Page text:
There are two sorts of independently arranged courses for credit at Harvard: an independent study course, graded Pass/Fail; and a reading and research course, known as a 91r, which is letter-graded. Independent study, graded Pass/Fail, must be supervised by a voting member of the faculty (i.e., someone with an appointment of assistant professor or higher). If you wish to take an independent study with a teaching fellow or lecturer, the Chair of the Department must co-sign your petition. Pass/Fail independent studies, however, do not count towards Social Studies requirements.
Yes, you can fulfill the Social Studies statistics requirement by taking an introductory statistics class at the Harvard Summer School or through a summer school at another accredited 4-year college or university. Please note, however, that if you take the course at a summer school other than Harvard, you will fulfill the Social Studies statistics requirement but, most likely, you will not receive Harvard credit for this course. A summer statistics course must be the equivalent of a semester-long course.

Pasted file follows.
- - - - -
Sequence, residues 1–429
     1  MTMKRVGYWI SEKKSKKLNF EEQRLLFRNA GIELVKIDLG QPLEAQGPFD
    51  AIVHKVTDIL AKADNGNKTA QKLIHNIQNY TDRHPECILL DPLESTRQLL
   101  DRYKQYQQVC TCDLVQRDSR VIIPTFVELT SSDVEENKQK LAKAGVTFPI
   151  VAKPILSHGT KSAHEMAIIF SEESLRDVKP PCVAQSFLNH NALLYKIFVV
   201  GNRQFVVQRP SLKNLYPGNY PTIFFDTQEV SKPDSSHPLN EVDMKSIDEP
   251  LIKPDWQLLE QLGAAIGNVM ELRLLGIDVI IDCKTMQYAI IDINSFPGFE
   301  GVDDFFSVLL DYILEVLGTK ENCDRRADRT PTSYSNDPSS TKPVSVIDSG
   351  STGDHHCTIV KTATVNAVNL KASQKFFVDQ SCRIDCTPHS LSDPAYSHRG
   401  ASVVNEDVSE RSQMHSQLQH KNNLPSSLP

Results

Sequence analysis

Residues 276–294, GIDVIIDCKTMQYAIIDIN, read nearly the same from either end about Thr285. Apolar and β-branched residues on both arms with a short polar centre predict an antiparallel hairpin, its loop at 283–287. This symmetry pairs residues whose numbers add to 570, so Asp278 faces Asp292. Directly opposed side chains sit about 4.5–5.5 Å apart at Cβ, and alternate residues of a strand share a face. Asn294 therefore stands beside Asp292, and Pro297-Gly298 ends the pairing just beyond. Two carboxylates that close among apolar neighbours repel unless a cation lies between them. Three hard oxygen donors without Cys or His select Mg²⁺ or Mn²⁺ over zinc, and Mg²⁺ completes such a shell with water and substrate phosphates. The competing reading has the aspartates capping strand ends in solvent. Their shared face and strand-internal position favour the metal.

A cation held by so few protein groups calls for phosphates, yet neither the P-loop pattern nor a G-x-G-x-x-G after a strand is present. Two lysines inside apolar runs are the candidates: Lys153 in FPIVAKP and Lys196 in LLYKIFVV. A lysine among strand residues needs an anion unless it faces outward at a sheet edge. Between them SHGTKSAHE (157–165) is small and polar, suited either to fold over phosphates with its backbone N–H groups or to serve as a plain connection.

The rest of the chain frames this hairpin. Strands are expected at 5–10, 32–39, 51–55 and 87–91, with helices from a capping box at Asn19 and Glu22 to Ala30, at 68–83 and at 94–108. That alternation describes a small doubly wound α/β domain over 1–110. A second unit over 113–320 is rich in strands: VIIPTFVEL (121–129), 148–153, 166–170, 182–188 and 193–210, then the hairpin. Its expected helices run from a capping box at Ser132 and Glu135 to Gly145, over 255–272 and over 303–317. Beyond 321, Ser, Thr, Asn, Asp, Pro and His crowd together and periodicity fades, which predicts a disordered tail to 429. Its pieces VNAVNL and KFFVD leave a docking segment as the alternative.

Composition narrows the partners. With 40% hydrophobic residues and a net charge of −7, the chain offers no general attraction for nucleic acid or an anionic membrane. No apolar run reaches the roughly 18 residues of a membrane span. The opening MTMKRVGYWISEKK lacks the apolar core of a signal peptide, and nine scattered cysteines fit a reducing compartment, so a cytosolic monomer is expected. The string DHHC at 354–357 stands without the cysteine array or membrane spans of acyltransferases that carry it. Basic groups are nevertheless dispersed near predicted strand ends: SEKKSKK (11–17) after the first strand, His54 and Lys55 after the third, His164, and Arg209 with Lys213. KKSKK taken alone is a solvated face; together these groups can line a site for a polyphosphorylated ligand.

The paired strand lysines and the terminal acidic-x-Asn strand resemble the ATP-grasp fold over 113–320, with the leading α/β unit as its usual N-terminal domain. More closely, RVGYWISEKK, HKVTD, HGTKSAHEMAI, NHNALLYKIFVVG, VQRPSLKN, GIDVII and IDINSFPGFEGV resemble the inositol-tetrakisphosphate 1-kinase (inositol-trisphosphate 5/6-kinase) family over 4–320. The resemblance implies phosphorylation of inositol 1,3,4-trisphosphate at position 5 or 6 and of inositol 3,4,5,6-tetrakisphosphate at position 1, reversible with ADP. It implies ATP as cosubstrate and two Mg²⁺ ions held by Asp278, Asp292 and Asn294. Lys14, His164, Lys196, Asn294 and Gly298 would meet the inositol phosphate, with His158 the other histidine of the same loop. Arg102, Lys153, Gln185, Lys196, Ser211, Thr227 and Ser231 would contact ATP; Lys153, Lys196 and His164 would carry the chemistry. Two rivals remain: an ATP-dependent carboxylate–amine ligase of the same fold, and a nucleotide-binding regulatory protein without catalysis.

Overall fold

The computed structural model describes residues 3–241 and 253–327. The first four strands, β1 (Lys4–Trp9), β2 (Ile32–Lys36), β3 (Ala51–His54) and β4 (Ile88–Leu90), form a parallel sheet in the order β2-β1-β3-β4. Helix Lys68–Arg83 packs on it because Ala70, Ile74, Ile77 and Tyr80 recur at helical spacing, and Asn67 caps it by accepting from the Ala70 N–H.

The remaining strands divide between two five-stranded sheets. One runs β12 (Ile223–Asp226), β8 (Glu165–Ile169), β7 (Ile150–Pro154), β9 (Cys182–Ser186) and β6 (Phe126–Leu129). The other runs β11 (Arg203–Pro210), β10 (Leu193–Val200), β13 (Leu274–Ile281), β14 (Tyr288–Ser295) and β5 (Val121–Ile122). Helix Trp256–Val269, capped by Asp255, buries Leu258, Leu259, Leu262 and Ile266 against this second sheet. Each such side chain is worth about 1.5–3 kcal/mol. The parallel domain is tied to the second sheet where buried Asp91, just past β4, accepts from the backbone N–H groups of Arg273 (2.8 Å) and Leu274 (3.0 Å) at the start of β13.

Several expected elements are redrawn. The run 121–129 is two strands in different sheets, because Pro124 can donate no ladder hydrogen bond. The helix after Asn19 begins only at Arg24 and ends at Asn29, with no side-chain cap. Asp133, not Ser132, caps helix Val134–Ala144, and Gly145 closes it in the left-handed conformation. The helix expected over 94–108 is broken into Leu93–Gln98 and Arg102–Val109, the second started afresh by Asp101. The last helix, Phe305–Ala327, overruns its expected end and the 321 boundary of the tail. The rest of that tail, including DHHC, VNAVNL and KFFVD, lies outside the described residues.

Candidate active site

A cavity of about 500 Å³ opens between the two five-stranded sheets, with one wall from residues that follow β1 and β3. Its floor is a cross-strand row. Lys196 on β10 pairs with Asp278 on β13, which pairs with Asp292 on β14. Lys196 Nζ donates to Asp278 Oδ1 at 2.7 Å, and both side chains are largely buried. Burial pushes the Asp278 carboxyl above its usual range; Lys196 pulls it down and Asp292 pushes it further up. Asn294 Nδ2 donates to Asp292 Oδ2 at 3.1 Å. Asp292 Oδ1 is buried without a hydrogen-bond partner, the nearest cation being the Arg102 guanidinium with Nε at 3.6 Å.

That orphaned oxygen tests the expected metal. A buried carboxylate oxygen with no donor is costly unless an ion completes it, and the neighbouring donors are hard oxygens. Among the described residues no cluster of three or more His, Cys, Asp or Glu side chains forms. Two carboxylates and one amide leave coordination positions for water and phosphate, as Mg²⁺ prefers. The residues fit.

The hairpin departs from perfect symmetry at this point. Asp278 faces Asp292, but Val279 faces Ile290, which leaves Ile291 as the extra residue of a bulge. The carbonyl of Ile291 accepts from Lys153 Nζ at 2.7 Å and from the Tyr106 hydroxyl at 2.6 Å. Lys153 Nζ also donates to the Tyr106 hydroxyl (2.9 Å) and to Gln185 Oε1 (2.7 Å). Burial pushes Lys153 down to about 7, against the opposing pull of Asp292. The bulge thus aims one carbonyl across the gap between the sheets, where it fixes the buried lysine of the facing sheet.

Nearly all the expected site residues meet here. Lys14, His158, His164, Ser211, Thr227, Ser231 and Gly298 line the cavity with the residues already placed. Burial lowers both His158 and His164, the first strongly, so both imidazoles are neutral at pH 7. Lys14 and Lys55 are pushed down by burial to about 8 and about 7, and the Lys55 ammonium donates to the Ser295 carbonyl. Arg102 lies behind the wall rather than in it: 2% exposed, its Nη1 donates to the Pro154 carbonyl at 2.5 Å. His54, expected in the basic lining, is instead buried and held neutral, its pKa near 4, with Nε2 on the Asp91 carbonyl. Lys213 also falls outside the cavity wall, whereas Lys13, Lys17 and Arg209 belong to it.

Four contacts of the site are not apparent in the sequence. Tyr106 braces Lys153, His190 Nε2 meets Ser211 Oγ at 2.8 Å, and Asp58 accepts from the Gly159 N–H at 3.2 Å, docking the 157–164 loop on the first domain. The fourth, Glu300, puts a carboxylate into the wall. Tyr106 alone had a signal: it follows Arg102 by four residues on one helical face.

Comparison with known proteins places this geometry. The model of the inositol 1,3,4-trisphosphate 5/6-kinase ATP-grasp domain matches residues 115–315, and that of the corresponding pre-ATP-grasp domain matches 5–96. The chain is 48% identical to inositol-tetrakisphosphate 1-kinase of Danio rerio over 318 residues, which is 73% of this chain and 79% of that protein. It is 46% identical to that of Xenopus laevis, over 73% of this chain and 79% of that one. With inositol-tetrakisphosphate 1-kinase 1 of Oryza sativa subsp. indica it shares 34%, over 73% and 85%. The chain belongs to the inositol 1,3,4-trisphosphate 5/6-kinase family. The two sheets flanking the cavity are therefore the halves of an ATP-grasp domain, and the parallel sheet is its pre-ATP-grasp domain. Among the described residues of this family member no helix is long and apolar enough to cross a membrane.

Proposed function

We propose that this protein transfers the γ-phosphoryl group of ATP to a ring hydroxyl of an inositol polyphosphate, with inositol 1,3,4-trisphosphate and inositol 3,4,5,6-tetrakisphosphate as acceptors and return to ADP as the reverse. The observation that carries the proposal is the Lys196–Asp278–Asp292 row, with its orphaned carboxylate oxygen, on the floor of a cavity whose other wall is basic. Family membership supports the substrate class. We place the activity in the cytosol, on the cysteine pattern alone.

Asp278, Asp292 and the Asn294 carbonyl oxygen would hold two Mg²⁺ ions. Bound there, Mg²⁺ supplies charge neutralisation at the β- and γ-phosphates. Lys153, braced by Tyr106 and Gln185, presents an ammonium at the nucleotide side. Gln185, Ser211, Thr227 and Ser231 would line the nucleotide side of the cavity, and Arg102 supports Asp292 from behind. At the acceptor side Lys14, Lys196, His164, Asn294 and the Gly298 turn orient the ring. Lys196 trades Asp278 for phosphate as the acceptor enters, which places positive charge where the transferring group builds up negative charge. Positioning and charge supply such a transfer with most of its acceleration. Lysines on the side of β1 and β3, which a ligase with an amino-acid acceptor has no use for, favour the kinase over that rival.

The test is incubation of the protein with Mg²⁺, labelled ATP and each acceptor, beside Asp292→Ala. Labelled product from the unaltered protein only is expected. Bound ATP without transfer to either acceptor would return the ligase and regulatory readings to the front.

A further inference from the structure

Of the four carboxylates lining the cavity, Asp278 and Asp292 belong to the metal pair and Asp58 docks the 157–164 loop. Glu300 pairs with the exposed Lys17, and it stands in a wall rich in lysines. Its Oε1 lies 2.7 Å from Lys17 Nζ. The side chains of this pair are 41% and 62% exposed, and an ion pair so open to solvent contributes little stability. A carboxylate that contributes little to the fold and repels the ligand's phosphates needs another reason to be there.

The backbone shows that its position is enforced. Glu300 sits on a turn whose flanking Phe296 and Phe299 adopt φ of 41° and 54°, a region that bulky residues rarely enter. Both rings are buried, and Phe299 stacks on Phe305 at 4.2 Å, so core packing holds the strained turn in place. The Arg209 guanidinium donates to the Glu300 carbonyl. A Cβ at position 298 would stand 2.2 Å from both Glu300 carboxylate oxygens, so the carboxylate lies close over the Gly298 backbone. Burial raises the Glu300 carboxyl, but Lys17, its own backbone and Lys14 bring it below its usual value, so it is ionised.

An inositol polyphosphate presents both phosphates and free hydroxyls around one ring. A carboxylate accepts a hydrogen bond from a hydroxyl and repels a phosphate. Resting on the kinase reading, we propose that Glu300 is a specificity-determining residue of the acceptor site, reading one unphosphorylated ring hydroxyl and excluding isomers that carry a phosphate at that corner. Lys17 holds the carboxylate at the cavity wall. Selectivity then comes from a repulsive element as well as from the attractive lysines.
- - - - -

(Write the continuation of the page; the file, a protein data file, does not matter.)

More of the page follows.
All of the courses that you are counting for Social Studies concentration credit must be taken for a letter grade, except for Social Studies 99, which is graded SAT/UNSAT. However, we will count courses that are transferred for Harvard credit (either taken at another college for transfer credit, or taken abroad) for focus field credit, as they were originally taken for a letter grade even though the grade will not show up on a Harvard transcript.
Yes, as long as the secondary field is substantially different from your focus field in Social Studies. Harvard College allows only one course to overlap between the primary and secondary fields, and Social Studies counts all social science and history courses for concentration credit.
You should petition the Board of Instruction to count this course when you submit your plan of study. Typically, courses that have substantial social science, historical, or social theoretical content (e.g., more than half of the topics covered) can be counted, as can courses taught by faculty members with Ph.D.s in the social sciences, history, or continental philosophy.